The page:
August 5, 2008
Overwhelmingly Sufficient Grounds for Impeachment Will Be Sufficient
By Jim Babka

Jeremy Rabkin, George Mason University Professor of Law, was one of the Republican, anti-impeachment experts to provide testimony at the Judiciary Committee, "I Can't Believe It's Not Impeachment, Non-impeachment Hearing," on July 25, 2008. Since I'm in support of impeachment and he's not, it might surprise you to learn that I thought he uttered the most important and spot-on statement of all the panelists.

In his opening statement, Rabkin essentially suggested that if George W. Bush was really guilty of intentionally lying the country into war, that was an impeachable offense.

And if that charge were true -- and here's the important part -- then all the other stuff about politicizing the hiring and firing of U.S. attorneys, warrantless wiretapping, using signing statements to violate the laws passed by Congress, and so on, were all sideshows. (I've tried to find both video or a free transcript online; C-SPAN moved/removed just the portion that included Rabkin's opening statement.)

The sin of lying the country into war such that 4,100 Americans and hundreds of thousands of Iraqis died is so heinous that every other charge dilutes this essential point. This one argument, were it valid, would deserve an impeachment hearing all to itself.

Of course, Rabkin thought that anyone who could imagine that Bush or any President could do such a thing was "demented." But that demonstrates that Rabkin lacks imagination.

It also shows that Rabkin doesn't think too highly of the Founding Fathers who designed a government based on suspicion of power. Suspicion is, after all, merely a particular form of imagination. I can only imagine what bad things Rabkin says in private about someone like Lord Acton, who was demented enough to suggest that, "power tends to corrupt."

Instead, Rabkin implicitly trusts politicians who manage to get elected -- despite the fact that a winning politician's electoral success might be due to the fact that he was the best liar in the race.

He also elaborated to the effect that, many wrongs make it somewhat right, later on in the hearings in response to a question from Rep. Lamar Smith. He cited Democrats like Roosevelt, while looking straight at the Democratic side of the Judiciary Committee, and Truman and Johnson as examples.

I'm not exaggerating his position one bit here. Fortunately there is a clip available on YouTube that illustrate the accuracy of my characterization of his postion, so you need not take my word for it -- you can watch.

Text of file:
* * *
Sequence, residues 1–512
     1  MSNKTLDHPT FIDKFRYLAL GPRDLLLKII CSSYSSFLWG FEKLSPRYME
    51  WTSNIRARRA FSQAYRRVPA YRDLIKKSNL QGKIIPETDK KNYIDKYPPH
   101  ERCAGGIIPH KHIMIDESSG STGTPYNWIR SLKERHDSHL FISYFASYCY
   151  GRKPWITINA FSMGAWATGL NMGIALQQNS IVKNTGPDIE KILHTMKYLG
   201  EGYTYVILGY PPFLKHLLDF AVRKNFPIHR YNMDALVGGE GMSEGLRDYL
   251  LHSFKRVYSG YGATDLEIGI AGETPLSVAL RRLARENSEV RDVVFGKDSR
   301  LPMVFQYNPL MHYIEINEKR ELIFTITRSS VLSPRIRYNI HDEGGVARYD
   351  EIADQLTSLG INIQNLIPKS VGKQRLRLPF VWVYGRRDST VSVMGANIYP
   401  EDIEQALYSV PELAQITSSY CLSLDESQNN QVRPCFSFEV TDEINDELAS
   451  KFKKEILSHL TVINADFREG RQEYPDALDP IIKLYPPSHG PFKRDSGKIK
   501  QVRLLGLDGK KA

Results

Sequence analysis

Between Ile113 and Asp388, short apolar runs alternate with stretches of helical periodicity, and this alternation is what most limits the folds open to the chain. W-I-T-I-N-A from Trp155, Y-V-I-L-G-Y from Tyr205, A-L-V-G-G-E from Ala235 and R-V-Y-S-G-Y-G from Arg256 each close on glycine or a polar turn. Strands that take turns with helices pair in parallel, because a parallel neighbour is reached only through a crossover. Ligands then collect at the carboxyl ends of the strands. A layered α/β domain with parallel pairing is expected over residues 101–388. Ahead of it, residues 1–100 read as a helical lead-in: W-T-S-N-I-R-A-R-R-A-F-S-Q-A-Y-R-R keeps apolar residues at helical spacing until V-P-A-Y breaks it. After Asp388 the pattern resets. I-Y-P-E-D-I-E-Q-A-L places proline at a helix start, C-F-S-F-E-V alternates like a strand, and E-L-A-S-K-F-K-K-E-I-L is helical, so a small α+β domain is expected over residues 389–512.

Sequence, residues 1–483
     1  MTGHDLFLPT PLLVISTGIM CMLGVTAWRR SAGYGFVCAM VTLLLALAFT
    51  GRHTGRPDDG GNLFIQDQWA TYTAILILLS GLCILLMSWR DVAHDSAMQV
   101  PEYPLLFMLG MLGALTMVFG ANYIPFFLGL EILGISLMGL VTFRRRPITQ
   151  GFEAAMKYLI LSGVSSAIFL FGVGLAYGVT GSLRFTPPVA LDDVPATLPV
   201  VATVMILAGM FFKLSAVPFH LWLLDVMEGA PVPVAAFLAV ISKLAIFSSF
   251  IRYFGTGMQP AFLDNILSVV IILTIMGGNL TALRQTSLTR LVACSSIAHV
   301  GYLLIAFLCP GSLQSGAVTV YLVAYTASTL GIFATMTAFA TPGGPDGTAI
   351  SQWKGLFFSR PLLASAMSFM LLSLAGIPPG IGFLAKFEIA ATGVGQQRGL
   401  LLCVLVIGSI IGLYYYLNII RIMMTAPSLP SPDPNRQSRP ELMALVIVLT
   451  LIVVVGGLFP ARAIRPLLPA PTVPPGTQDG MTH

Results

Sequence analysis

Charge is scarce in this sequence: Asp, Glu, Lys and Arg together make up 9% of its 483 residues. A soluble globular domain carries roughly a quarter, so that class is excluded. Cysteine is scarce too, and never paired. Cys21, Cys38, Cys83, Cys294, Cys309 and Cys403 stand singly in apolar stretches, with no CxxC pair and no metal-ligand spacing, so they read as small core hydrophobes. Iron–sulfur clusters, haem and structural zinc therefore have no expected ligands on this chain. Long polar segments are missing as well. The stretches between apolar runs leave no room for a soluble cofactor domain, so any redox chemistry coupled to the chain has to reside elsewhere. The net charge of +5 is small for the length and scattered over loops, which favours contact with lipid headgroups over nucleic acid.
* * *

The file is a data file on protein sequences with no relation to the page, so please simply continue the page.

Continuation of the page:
From my point of view, Mr. Rabkin is brilliantly right that focusing on key issues is important. In my political experience, throwing stuff against the wall until something sticks usually means you will just have a mess to clean up, and that mess will probably be your reputation.

Experts in sales and advertising would also tell you that there's one essential point that serves best to close a deal -- a "position" the marketing department calls it. You can make so many good points that none of them emerges as great enough to motivate action. Best to stick with one most compelling sales argument.

Back in June, Dennis Kucinich filed 35 articles of impeachment. They ran the gamut of issues. Not surprisingly, none of them stuck.

But in July, Kucinich came back with just one charge -- lying the nation into war. That got him a hearing in the Judiciary Committee -- the aforementioned, "I Can't Believe It's Not Impeachment, Non-impeachment Hearing."

Unfortunately, even that hearing became a potluck of presidential grievances.

And it seems to me that every time impeachment comes up so many charges are made that the really important points get lost in the shuffle with less valuable claims. Then impeachment itself becomes lost too. Kucinich and Company ought to listen to Rabkin.

Focus. Focus. Focus.

The spotlight should be on how President Bush, Vice President Cheney, and then National Security Adviser Condoleezza Rice perpetuated a deliberate lie for the purpose of starting an unprovoked war. This scam led to the death of more than 4,000 American soldiers, the wounding of tens of thousands more, the death of hundreds of thousands of Iraqis, and a cost of nearly a trillion dollars in taxpayer money.

In another post (hopefully, in the near future), I intend to demonstrate, beyond imagination, in a way that Jeremy Rabkin can understand, if he's an honest man, why someone who suggests that impeachment hearings are warranted is not demented, but thoughtful.

Originally posted at

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